Kevin Bacon Biography:
Though Kevin Bacon may not be the kind of star that can open a movie, he is enough of a cultural phenomenon to have inspired the "Six Degrees of Kevin Bacon" parlor game, whose creators guaranteed that anyone in Hollywood in the past fifteen years could be linked to the versatile actor in six strokes or less. With the support of his parents, he ventured to NYC at age 17 and became the youngest apprentice at Circle in the Square, embarking on a stage career that would see him win an OBIE before the age of 25 and perform on Broadway opposite Sean Penn in "The Slab Boys" (1983). Bacon made his feature debut with a small part in "National Lampoon's Animal House" (1978) and appeared in five other films before gaining his first serious exposure as the confused rich kid with a drinking problem in Barry Levinson's directorial debut "Diner" (1982).
The agile blond actor burst into the leading man category as the dancing rebel in "Footloose" (1984), an improbably popular "Flashdance" rehash, and promptly set about sabotaging his career with his disdain for the teen-idol success the picture had earned him by choosing roles in quirky films. Headlining mediocre movies like "Quicksilver" (1986) and "Whitewater Summer" (1987) dimmed his star considerably, and a pairing with director John Hughes as the overwrought yuppie dad in the contemporary comedy "She's Having a Baby" (1988) also failed to ignite the box office. By the time he had played a cold-blooded killer in the pretentious "Criminal Law" (also 1988) and the young filmmaker in the underrated satire "The Big Picture" (1989), Bacon's career was in complete crisis, deepened by the death of his mother and the sudden sense of responsibility brought on by the birth of his first child.
After beginning the decade inauspiciously with "Flatliners" (an ensemble piece that actually did some business) and "Tremors" (both 1990) as well as "He Said, She Said" (1991), Bacon reinvented himself in the 90s, wisely opting for character parts in more ambitious mainstream projects. He was a revelation as the smirking gay hustler in Oliver Stone's "JFK" (also 1991) and rock solid as the no-nonsense Marine attorney in Rob Reiner's "A Few Good Men" (1992). "The Air Up There" (1994) reinforced the fact that his name alone was not enough to carry a picture, but he returned to the winner's column menacing Meryl Streep and her family in "The River Wild" (1994), Streep's presence selling the movie while Bacon gave it its edge. Christian Slater drove the box-office bus of the historical courtroom drama "Murder in the First" (1995), but it was Bacon delivering the bravura performance that made the film worth watching, delving deeply into an Alcazar inmate whose Depression-era theft of five dollars had landed him in jail in the first place. That same year, he also brought a colorful "right stuff" cockiness to his role as Jack Swigert, one of the crew of Ron Howard's "Apollo 13".
Bacon made his directorial debut with the character drama "Losing Chase" (1996), a movie starring his wife Kyra Sedgwick, which got a theatrical release after its premiere on Showtime. He picked up his first credit as executive producer (in addition to playing a cop who suspects a conspiracy) for the neo-noir "Wild Things" (1998) and earned his first song credit ("Medium Rare") for "Telling Lies in America" (1997), in which he also starred as a cocky disc jockey accepting payola. The Bacon Brothers, the band he had formed with his older brother Michael, also put out their first album ("Forosoco") that year. Continuing in the musical vein, he sang on the ABC special "Happy Birthday Elizabeth--A Celebration of Life" (also 1997), honoring Elizabeth Taylor (a "Bacon number" of two), shared credit for the music of the European feature "Solo Shuttle" (1998) and saw the Bacon Brothers put out their second album, "Getting There" (1999), as well as playing their first major NYC concert at the venerable Town Hall in 2000.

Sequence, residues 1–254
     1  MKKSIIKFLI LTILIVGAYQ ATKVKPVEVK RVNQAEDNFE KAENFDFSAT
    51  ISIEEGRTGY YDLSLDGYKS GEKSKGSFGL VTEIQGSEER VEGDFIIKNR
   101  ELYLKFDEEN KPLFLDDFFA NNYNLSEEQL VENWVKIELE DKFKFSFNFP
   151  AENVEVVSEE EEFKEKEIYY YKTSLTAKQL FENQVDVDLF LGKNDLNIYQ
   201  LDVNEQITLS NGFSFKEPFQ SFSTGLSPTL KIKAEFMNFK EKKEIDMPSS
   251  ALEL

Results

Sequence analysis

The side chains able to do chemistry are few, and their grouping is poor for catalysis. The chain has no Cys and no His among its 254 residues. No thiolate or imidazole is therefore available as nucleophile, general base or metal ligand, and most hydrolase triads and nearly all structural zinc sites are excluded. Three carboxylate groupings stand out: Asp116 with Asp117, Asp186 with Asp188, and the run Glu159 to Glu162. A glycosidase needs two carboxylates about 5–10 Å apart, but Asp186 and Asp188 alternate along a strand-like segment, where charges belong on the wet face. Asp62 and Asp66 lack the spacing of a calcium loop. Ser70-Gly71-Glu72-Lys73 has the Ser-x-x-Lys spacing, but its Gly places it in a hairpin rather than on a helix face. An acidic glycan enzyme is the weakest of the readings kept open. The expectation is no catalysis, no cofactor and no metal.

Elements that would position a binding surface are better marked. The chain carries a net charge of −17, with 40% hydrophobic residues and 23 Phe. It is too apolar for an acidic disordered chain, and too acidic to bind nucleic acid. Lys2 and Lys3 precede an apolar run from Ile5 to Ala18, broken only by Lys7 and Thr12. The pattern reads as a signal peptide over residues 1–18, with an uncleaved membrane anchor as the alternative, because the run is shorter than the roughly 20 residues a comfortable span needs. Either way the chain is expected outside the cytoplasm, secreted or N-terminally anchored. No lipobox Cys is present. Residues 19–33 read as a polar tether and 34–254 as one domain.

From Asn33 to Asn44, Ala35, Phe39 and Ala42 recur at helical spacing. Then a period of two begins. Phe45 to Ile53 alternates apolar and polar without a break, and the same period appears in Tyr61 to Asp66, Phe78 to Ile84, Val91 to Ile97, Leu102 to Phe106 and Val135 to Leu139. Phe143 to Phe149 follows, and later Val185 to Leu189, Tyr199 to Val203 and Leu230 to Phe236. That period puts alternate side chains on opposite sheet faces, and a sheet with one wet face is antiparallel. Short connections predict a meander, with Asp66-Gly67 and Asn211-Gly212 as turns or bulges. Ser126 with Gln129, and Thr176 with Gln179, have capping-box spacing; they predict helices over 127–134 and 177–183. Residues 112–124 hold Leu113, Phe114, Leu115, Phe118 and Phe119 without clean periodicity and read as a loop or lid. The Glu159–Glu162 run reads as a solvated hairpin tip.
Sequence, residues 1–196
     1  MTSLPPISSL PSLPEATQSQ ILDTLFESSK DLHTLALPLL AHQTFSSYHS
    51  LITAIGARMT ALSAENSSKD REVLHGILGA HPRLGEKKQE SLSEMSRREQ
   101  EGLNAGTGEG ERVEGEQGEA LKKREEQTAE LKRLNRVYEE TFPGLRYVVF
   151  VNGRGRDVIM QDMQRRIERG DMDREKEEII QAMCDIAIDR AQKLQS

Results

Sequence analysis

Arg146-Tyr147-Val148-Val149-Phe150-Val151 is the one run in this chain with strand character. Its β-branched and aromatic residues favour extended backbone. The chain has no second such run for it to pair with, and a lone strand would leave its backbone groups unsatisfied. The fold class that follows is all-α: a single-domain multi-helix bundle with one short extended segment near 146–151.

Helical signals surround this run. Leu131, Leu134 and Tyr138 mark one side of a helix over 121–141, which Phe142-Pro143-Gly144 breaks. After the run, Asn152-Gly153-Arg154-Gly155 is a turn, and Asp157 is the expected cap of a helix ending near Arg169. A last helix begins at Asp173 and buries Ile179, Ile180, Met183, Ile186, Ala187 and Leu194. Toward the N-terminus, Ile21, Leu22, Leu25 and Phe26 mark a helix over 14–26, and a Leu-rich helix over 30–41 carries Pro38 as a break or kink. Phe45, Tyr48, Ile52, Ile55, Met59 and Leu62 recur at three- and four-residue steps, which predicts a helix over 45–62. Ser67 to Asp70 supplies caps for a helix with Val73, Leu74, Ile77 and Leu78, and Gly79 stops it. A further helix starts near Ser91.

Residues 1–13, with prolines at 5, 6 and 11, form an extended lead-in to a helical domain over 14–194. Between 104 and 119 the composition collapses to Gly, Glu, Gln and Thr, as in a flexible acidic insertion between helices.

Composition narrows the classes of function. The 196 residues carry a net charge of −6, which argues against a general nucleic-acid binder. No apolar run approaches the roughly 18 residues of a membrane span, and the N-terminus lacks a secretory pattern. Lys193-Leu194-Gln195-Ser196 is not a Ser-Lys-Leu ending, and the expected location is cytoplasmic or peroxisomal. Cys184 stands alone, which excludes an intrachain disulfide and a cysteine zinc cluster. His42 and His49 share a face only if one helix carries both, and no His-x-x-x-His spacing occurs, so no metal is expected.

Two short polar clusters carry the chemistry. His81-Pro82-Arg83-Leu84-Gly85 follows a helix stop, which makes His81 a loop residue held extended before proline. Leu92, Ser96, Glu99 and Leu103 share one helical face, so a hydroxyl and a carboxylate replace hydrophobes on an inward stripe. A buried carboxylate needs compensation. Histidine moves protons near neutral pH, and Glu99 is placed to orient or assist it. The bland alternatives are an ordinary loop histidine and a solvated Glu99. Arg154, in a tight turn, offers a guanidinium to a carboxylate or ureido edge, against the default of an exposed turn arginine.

Bacon gave an exceptional performance as a working-class Everyman who takes a dangerously long time to fully comprehend his newly acquired psychic powers in David Koepp's supernatural thriller "Stir of Echoes" (1998). Released after "The Sixth Sense" (also 1998), which also featured a boy who sees dead people, this underappreciated gem remained in the blockbuster's shadow, perhaps because Bacon can't open a movie like Bruce Willis. However, it is more likely that the late arrival of "Stir of Echoes" made it that year's "Kundun", a far superior Tibetan pic than "Seven Years in Tibet" (both 1997), which arrived in theaters first and walked off with the box office honors. He remained in the background as the father in "My Dog Skip" (2000), allowing young Frankie Muniz to dominate the nostalgic tale of growing up in the Deep South of the 1940s. Later that year he headlined Paul Verhoeven's "The Hollow Man" as a US government scientist who succumbs to his evil nature in the voyeuristic throes of invisibility. It was a perfect part for Bacon, who provided the picture with edge while the special effects and big name director served as its draw. Later that year, the actor turned edgier as a scientist who uses himself as a test subject with a drug that could turn mammals invisible in "Hollow Man".
In 2002, Bacon and Courtney Love portrayed professional serial kidnappers in Luis Mandoki's action feature "Trapped," which also co-starred Charlize Theron and Stuart Townsend. He just starred in Clint Eastwood’s Mystic River (2003) as a cop who is investigating the murder of his childhood friend’s daughter. The movie also starred Sean Penn and Tim Robins. Coming up, Bacon appear with Meg Ryan in In the Cut (2003).
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